|Homer's Iliad||Hygge Pygge Cafe, Camden Town||Six weeks||09 Jan - 13 Feb 2019||Wednesdays 7:30-9:30 PM|
“Rage—Goddess, sing the rage of Peleus’ son Achilles,
murderous, doomed, that cost the Achaeans countless losses,
hurling down to the House of Death so many sturdy souls. . .”
The first great work of Western literature is a magnificent poem recounting the story of the final stages of the Trojan War—one of the central legends of ancient Greek, and later European, culture. Tales surrounding the Trojan War constitute a vast and interwoven cycle of Greek poems, plays, myths and artwork: the rape of Leda by Zeus; the Golden Apple and the Judgement of Paris; the Oath of Tyndareus; the abduction (or seduction) by Paris of Helen, “the face that launched a thousand ships”; the sacrifice of Iphigeneia at Aulis; the siege of Troy, its fall, and the death of Achilles. The Trojan War, too, is the starting point for Homer’s Odyssey, one of the many stories of the aftermath of this culturally-scarring war.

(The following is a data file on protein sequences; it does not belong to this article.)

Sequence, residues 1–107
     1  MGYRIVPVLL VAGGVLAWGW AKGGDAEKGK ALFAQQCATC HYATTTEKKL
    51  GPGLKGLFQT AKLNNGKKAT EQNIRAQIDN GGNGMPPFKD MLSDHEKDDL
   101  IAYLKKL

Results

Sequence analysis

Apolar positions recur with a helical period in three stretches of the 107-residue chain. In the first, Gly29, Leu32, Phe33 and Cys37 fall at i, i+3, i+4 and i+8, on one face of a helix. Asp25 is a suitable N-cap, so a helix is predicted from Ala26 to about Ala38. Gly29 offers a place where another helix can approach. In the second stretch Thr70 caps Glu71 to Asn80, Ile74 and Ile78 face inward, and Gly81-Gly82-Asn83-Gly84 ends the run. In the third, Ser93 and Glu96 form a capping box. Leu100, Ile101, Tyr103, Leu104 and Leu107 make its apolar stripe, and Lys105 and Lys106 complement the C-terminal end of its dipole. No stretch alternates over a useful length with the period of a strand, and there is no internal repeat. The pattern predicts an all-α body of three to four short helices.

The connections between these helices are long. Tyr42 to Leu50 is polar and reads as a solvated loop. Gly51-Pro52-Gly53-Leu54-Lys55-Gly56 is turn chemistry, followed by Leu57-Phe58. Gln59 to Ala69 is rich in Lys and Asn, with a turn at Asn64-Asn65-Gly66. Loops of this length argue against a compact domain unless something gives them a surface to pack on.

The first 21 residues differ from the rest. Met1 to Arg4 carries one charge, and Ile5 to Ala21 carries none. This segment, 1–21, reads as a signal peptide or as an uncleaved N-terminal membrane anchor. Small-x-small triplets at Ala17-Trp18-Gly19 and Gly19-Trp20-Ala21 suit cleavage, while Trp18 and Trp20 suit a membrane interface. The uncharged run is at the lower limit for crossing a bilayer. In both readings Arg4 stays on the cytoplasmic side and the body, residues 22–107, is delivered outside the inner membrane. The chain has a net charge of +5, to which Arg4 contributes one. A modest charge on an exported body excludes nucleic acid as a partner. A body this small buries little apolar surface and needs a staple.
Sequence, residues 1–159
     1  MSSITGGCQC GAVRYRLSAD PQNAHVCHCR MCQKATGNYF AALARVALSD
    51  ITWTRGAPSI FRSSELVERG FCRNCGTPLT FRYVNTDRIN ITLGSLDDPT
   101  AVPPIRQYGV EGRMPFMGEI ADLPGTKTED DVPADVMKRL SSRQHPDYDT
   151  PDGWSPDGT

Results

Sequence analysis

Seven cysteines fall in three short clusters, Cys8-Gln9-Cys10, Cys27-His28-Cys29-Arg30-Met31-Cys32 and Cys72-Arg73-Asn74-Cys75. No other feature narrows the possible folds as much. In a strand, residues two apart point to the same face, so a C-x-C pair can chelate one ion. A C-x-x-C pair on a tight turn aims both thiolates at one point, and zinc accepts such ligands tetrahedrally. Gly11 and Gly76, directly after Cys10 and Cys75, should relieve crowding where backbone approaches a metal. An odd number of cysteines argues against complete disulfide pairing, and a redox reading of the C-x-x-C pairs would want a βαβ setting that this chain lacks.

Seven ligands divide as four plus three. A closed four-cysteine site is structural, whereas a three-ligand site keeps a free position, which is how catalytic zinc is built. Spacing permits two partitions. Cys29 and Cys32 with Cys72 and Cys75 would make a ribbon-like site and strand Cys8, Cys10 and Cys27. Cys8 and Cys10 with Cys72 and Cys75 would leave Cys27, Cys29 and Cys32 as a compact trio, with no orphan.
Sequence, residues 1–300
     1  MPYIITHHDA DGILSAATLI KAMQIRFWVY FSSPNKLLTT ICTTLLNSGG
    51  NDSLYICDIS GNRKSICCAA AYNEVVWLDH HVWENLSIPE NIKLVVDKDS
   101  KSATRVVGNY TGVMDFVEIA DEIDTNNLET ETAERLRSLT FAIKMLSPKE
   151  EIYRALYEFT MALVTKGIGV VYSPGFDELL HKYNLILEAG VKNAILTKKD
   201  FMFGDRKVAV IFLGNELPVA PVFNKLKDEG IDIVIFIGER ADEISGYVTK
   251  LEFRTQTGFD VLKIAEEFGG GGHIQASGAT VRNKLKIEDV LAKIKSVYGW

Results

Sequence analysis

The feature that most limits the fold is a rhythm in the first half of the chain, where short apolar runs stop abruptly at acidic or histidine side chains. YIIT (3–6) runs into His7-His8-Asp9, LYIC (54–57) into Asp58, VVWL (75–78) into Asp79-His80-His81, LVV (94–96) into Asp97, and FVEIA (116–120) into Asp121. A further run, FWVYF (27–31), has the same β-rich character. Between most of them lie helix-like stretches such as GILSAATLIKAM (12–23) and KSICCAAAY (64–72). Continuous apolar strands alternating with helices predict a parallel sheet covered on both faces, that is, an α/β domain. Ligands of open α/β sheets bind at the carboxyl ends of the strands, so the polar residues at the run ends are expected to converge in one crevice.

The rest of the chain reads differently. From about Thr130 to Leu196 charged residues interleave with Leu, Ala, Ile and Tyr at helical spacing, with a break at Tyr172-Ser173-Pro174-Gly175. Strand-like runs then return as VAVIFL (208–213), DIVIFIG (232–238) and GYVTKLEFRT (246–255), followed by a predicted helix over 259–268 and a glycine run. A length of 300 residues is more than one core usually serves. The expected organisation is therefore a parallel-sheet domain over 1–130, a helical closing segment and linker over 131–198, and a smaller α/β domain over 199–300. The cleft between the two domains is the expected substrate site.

The Iliad takes place over just a few pivotal weeks near the end of the Greeks’ ten-year siege of Troy. The invading Greek army’s greatest warrior, Achilles, withdraws from the fighting after a dispute with their leader Agamemnon, bringing the threat of defeat and destruction upon the Greeks. His action precipitates devastating results for both sides, ultimately leading to the fall of Troy itself.
Though memorable for its scenes of bloody battle and the squabbling of the gods on Olympus, the Iliad exudes an intense humanity, infusing a tragic longing for peace amid the seeming inevitability of war and destruction. Homer invites us to put ourselves into the world of the war: a place no one wants to be, where the gods seem unpredictable, and where there’s a genuine question of whether justice is anywhere to be found. We are challenged to take seriously the warriors’ values of honor and glory, which may be very different from values we hold.
The Iliad asks basic questions about what really matters: about what is worth living—and dying—for. It confronts us with fundamental questions about honor, community, justice, love, and loyalty, as the story’s characters search to make sense of their own mortality.
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